The new deal has helped to cut long-term unemployment among young people by nearly 80 per cent. over the past four years. It is now the lowest for a generation, and a strong and stable economy has enabled businesses to create well over 1 million new jobs
The intensified training provided by the new deal is designed according to the demands of employers. New dealers will increasingly move into sectors where skill shortages have been a problem for businesses seeking to grow. For example, we are working with leading information technology companies through Ambition IT, which will enable 5,000 more unemployed people to train as computer technicians. Ambition Retail, a consortium of major high street shops, allows the possibility of 50,000 more jobs, and further jobs to come. Transco is recruiting at least 15,000 new dealers to train as gas fitters over the next few years.
The new deal is providing solutions for industry and jobs with prospects for unemployed people.
I have seen an excellent example of the way in which the new deal is working for both 16 to 25-year-olds and those over 25 in Bexleyheath and Crayford, and I know of the number and variety of doors that have been opened. Thameside, in the London borough of Bexley, has some of the greatest potential for business development in London, and the Thames gateway partnership is aimed at attracting new employers to the area. Will the new national network of training organisations be able to provide for the skills that employers may require, so that local people may retrain and benefit from the new opportunities that will arise?
That is precisely the intention of the combined efforts of national training organisations, learning and skills councils and the new deal. I hope very much that those opportunities will be extended to my hon. Friend's constituents and to the employers whom he mentions, but they should be under no illusion: were the Tories to be elected, the new deal would be scrapped.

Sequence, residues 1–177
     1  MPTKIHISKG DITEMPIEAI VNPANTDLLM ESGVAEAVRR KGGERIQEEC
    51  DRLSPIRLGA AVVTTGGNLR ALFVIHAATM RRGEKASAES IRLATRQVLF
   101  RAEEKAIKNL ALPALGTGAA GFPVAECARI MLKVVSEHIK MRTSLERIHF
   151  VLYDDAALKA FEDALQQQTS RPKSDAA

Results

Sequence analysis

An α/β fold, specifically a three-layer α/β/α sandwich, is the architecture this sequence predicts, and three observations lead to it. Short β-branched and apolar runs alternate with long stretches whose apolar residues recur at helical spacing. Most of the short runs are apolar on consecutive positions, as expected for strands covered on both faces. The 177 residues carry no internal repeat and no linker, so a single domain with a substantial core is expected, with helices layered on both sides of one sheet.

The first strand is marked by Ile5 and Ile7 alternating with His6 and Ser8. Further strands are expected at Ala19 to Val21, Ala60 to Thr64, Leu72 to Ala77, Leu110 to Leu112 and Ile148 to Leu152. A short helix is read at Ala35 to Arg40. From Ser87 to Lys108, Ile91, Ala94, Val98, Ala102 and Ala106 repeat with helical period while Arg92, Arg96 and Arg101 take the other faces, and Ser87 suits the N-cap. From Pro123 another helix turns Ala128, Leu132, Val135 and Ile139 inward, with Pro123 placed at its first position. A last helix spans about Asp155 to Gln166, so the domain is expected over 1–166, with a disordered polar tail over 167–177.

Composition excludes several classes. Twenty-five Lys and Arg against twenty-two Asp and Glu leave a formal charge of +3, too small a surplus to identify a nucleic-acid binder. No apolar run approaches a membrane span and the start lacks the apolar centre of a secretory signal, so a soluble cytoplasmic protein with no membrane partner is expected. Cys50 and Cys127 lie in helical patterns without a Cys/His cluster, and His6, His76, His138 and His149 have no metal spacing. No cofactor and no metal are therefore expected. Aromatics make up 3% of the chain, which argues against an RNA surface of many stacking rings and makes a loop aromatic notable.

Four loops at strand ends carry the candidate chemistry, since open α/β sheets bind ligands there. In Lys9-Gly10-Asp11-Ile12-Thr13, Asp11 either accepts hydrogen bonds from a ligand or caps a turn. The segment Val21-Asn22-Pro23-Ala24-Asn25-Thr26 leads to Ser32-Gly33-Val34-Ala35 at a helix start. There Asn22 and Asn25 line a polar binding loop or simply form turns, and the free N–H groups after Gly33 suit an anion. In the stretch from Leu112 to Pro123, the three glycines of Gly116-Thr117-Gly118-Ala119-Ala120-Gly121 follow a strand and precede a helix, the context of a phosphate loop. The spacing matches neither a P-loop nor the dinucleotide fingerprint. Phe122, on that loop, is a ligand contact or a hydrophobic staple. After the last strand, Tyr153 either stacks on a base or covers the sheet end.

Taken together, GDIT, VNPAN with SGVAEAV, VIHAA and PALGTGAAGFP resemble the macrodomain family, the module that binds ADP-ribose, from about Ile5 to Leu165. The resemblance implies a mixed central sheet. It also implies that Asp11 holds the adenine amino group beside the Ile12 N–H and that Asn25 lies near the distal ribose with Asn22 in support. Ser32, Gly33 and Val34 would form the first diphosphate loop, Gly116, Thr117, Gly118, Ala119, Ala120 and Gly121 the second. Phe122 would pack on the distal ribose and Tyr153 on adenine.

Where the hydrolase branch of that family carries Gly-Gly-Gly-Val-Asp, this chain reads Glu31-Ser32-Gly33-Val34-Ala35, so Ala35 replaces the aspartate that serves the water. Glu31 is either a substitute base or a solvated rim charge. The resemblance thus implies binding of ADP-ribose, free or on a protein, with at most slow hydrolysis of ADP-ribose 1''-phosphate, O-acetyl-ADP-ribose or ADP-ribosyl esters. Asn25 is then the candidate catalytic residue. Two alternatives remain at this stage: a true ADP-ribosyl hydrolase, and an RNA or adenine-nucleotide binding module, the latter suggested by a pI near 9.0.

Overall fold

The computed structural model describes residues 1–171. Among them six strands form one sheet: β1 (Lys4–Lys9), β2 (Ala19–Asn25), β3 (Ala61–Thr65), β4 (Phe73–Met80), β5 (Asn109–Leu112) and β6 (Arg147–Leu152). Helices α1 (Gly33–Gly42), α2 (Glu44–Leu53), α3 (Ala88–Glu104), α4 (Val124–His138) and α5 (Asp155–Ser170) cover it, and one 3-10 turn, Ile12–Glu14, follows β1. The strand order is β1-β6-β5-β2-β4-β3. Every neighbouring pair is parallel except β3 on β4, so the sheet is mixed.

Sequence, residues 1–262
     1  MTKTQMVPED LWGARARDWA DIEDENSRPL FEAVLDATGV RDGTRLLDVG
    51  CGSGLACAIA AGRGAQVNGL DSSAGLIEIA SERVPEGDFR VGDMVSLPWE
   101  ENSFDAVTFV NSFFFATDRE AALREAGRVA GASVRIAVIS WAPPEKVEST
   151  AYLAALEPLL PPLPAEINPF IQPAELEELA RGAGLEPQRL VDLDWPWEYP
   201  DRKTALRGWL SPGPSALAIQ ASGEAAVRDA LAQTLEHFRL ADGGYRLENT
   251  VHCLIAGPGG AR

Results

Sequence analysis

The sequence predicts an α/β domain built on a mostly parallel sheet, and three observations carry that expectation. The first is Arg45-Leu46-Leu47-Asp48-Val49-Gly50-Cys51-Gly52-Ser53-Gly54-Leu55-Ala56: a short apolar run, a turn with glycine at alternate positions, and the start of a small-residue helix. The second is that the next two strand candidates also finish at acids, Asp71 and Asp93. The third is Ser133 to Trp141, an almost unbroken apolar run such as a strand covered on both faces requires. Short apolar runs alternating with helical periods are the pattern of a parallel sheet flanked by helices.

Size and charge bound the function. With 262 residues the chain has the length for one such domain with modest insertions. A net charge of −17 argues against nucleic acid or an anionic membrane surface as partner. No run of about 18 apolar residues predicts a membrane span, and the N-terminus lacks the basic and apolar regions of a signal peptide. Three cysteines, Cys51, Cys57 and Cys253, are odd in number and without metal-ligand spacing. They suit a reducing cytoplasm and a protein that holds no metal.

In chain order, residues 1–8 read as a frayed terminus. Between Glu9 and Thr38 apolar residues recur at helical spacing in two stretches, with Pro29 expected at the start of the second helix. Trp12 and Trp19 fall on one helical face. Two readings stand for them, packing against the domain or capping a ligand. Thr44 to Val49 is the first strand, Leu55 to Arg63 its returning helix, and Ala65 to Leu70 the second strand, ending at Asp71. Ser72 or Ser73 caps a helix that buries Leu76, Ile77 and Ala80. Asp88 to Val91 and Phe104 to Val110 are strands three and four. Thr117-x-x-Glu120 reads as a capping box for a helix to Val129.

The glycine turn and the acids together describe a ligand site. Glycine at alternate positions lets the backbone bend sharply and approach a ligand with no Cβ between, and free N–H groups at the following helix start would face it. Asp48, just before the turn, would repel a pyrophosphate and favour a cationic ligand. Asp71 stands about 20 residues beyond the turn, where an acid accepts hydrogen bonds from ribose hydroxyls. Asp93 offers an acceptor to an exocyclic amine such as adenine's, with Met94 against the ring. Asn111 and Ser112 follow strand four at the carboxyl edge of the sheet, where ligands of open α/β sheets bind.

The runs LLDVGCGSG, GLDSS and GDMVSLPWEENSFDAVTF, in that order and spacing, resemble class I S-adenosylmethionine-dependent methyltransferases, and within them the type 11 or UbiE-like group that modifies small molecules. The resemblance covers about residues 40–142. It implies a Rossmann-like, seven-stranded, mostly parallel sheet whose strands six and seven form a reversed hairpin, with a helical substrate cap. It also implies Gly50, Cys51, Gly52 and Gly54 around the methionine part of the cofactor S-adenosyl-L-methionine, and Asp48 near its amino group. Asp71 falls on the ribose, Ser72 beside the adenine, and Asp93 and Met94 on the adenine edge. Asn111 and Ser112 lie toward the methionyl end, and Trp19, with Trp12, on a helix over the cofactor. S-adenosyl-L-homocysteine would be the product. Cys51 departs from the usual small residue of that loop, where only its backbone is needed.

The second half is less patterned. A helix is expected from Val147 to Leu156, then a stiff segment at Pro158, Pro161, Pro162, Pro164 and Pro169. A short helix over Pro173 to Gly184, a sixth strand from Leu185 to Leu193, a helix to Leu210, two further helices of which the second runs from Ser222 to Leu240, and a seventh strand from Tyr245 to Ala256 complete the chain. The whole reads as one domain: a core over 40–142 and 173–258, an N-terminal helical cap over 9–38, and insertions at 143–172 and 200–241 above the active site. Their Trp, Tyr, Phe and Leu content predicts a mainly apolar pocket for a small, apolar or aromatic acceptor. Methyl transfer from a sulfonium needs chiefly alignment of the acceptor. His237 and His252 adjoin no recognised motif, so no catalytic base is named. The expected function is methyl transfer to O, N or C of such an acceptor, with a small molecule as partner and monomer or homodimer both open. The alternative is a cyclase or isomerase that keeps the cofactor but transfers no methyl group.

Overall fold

The Minister could more accurately say that the new deal would be improved under the next Conservative Government. She knows that about a third of young people leaving the new deal go into jobs, and that half of them have lost those jobs within nine months. The record of the Wildcat Corporation in New York is 86 per cent. going into jobs, 94 per cent. of whom are still in them after 12 months. Now that the new deal taskforce has spent £175,000 taking advice from Wildcat, what has she learned about the reasons for the new deal failing to achieve the results that are achieved by Wildcat and that will be achieved by "Britain works" under the next Conservative Government?
The hon. Gentleman is wrong. We hear more invented figures with the purpose of discrediting the new deal, a programme that has halved long-term unemployment among young people and which the Conservatives are pledged to scrap. We are taking lessons from Wildcat because that is important in trying to develop more help for the most disadvantaged young people, especially the ambitious, sectorally focused, high skill programmes that I have already identified.